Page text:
|Poll||Date||Sample||Carnahan (D)||Martin (R)||Spread|
|Final Results||--||--||48.9||46.7||Carnahan +2.2|
|AAF/Ayers (R)||8/16 - 8/20||400 LV||54||38||Carnahan +16|
|WeAskAmerica||8/17 - 8/17||1089 RV||48||39||Carnahan +9|
|2008: Carnahan (D) 66%, Sander (R) 30%||2008: Obama (D) 60%, McCain (R) 39%
|2006: Carnahan (D) 66%, Bertelsen (R) 32%||2004: Kerry (D) 57%, Bush (R) 43%
|2004: Carnahan (D) 53%, Federer (R) 45%||2000: Gore (D) 54%, Bush (R) 43%|
10/29/10 -- This race is closer than the recent polling suggests, and both parties will be fully engaged with their get-out-the-vote operations. Still, there have been suggestions that Carnahan would be in trouble for a long time here, so he's seen this coming.
Missouri’s 3rd Congressional District starts on the south side of St. Louis, just beyond the African American precincts that have carefully been placed in the majority-minority 1st District. It extends southward through suburban Jefferson County and into exurban Ste. Genevieve County. The district hasn’t elected a Republican since the 1950 midterms, when it was confined almost entirely to St. Louis City.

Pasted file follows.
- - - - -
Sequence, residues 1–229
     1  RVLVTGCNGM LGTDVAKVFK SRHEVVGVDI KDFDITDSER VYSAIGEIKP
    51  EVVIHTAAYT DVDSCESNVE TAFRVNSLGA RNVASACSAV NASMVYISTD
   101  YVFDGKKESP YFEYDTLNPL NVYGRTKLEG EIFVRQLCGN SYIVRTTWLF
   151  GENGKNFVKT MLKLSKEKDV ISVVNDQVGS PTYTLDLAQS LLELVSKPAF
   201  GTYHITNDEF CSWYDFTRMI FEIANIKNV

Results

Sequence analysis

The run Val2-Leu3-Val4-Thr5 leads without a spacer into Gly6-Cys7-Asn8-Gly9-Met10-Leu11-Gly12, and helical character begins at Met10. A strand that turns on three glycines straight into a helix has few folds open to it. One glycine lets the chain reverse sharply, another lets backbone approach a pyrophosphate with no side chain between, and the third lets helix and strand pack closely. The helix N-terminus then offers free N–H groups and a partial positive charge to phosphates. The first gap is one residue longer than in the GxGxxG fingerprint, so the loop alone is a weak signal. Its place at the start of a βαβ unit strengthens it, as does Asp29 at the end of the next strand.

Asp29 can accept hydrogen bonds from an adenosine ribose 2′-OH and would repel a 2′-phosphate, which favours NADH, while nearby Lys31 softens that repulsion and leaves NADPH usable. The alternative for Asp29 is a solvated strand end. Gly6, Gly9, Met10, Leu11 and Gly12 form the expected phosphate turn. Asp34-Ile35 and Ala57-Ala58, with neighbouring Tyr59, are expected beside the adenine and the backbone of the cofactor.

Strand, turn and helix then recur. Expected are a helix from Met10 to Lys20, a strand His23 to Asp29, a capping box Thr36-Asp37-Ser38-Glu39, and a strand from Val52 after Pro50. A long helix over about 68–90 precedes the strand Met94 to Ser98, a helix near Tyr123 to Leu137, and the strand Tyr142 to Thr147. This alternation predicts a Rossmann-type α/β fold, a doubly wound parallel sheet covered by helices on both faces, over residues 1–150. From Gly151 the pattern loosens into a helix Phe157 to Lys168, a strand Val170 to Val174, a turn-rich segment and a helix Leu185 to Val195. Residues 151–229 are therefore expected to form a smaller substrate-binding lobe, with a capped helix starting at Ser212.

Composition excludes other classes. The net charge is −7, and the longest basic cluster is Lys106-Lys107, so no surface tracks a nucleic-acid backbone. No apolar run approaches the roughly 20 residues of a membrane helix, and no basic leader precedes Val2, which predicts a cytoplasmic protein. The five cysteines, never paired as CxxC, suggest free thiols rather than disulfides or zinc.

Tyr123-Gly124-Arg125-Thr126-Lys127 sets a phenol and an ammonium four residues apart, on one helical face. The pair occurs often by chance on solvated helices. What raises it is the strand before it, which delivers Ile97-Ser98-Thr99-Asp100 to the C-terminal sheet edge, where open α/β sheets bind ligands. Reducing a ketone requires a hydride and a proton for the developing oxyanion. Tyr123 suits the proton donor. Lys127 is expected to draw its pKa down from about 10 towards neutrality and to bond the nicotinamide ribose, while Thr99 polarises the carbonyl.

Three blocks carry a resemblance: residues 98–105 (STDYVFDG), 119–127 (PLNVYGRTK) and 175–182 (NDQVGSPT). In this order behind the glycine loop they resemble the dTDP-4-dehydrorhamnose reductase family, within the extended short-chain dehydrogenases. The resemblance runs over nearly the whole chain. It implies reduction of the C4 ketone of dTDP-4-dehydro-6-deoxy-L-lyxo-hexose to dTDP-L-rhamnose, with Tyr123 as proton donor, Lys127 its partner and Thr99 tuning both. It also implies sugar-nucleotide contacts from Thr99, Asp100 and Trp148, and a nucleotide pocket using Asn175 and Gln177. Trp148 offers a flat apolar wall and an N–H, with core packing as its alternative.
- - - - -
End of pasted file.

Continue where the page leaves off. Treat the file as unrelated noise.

Minority Leader Richard Gephardt retired in 2004, and the district elected Russ Carnahan, scion of one of the most successful Democratic families in Missouri. Carnahan had trouble with his initial election, but has won re-election since with over 60 percent of the vote. His voting record tilts leftward, but is generally middle-of-the-pack for the Democratic caucus.
Normally we would not give the Republican much of a chance in this D+7 district, but the Republican candidate, Ed Martin, the former Chief of Staff to Gov. Matt Blunt, has about as much cash-on-hand as the incumbent. If the wave gets big enough for the Republicans, this seat could wind up in play.